A reversal of climatic trends in the North Atlantic since 2005

Journal name:
Nature Geoscience
Year published:
Published online

In the mid-1990s the North Atlantic subpolar gyre warmed rapidly1, which had important climate impacts such as increased hurricane numbers2 and changes to rainfall over Africa, Europe and North America3, 4. Evidence suggests that the warming was largely due to a strengthening of the ocean circulation, particularly the Atlantic Meridional Overturning Circulation1, 5, 6, 7. Since the mid-1990s direct and indirect measurements have suggested a decline in the strength of the ocean circulation8, 9, which is expected to lead to a reduction in northward heat transport10, 11. Here we show that since 2005 a large volume of the upper North Atlantic Ocean has cooled significantly by approximately 0.45°C or 1.5 × 1022J, reversing the previous warming trend. By analysing observations and a state-of-the-art climate model, we show that this cooling is consistent with a reduction in the strength of the ocean circulation and heat transport, linked to record low densities in the deep Labrador Sea9. The low density in the deep Labrador Sea is primarily due to deep ocean warming since 1995, but a long-term freshening also played a role. The observed upper ocean cooling since 2005 is not consistent with the hypothesis that anthropogenic aerosols directly drive Atlantic temperatures12.

At a glance


  1. Recent upper ocean trends in the North Atlantic.
    Figure 1: Recent upper ocean trends in the North Atlantic.

    a, Linear trend in SST calculated over 1990–2004 from HadISST. The stippling shows where the fitted trend is larger than 2 standard errors of the residuals (see Methods). b,c, As a, but for 0–700m temperature (T700, b) and salinity (S700, c) as calculated from the EN4 data set. df, Same as ac, but for the 2005–2014 period. g, Time series of T700 and S700 averaged over the eastern North Atlantic (50°–10°W, 35°–65°N, boxed area shown on panel e) and the deep Labrador Sea density (DLS density), which is the 1,000–2,500m average density (σ2) in the Labrador Sea (60°–35°W, 50°–65°N, boxed area shown on panel a). Anomalies in g are made relative to 1961–1990.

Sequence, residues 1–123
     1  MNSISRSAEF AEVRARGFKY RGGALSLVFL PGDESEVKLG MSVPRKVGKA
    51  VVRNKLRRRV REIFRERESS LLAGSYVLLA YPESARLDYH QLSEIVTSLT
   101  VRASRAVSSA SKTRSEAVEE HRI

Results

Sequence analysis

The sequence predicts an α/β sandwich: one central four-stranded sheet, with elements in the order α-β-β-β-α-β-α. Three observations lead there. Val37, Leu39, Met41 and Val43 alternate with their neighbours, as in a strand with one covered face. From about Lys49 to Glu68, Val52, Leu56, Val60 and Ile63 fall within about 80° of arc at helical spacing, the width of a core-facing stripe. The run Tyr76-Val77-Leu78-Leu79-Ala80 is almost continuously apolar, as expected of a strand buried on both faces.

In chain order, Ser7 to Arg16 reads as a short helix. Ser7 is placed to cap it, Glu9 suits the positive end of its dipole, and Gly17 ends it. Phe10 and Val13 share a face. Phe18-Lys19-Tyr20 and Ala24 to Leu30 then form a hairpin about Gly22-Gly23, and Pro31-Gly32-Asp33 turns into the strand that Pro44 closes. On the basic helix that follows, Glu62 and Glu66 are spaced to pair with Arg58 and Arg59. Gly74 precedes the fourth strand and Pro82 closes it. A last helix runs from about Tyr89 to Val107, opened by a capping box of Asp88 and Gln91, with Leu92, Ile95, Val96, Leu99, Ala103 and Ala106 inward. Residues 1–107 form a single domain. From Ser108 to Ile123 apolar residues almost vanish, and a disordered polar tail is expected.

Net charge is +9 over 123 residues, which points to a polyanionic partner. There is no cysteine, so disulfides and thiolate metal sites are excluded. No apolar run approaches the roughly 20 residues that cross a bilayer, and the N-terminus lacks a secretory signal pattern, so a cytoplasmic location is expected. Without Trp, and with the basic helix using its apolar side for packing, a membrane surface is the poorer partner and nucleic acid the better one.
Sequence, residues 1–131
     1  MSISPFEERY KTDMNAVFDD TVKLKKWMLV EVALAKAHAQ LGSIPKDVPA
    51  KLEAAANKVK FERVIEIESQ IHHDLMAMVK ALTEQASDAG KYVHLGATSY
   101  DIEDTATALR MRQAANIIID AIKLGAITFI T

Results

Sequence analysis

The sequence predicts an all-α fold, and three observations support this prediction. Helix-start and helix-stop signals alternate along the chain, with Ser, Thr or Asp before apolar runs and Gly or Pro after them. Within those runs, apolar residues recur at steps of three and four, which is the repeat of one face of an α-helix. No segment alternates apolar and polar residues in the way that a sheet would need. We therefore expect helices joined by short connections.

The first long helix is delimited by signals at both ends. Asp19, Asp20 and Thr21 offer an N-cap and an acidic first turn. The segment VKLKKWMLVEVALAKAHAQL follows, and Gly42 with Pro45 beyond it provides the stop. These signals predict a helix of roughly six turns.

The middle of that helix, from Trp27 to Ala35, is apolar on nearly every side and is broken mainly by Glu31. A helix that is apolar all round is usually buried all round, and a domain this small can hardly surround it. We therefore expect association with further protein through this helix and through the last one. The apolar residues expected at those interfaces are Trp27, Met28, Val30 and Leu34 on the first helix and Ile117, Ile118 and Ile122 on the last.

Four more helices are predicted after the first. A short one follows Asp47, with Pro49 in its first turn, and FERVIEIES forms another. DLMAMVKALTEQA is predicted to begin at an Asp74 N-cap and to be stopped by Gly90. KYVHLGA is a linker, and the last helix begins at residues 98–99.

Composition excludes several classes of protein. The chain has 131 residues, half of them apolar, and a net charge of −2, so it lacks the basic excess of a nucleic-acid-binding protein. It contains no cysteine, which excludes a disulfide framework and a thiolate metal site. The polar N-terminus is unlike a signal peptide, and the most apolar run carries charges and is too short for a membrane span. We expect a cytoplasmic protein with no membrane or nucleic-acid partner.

2. The role of the atmosphere in recent changes in the North Atlantic.
    Figure 2: The role of the atmosphere in recent changes in the North Atlantic.

    a, Linear trend in SLP calculated over 1990–2004 from NCEP reanalysis. The stippling shows where the fitted trend is larger than 2 standard errors of the residuals (see Methods). b,c, Same as a, but for wind-stress curl (WSC, b) and annual-mean net surface fluxes (SHF, c), as calculated from the NCEP reanalysis data set. Note that positive wind-stress curl anomalies in b represent increased Ekman upwelling, and positive SHF anomalies in c represent a warming of the ocean. df, Same as ac, but for the 2005–2014 period.

  3. Simulated ocean trends following a reduction in deep Labrador Sea density.
    Figure 3: Simulated ocean trends following a reduction in deep Labrador Sea density.

    a, Composite of 15-year linear trends in SST following the nine strongest trends in Labrador Sea density, where SST trends are offset by five years (that is, the first year used to compute the SST trend lags the first year used to calculate the deep Labrador Sea density index by five years). Stippling shows where trends are significant at p ≤ 0.1, see Methods for details. b,c, Same as a, but for 0–700m average temperature anomaly (T700) and 0–700m average salinity anomaly (S700). d, Standardized time series of deep Labrador Sea density (DLS density) and the eastern SPG (~38°–10°W, 50°–62.5°N; boxed area shown on panel b) 0–700m temperature (ESPG T700) anomaly for a portion of the simulation. e, Lead/lag relationship between rolling 15-year trends in deep Labrador Sea (DLS) density, and the 15-year trends in AMOC at 40°N (with Ekman component removed—see Methods, magenta), NAO index, Labrador Sea 0–700m temperature (LS T700), and the eastern SPG (ESPG) for 0–700m temperature (T700, solid) and 0–700m salinity (S700, dash). Positive lags show where the deep Labrador Sea density is leading the other variables. Note that for e the Labrador Sea density anomalies are multiplied by −1 to show how the metrics evolve before and after a negative trend in deep Labrador Sea density.


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  1. NCAS-Climate, Department of Meteorology, University of Reading, Reading RG6 6BB, UK

    • Jon Robson,
    • Pablo Ortega &
    • Rowan Sutton


J.R. and R.S. jointly conceived the study. J.R. and P.O. analysed the observational and model data. J.R. led the writing of the manuscript with contributions and input from all authors.

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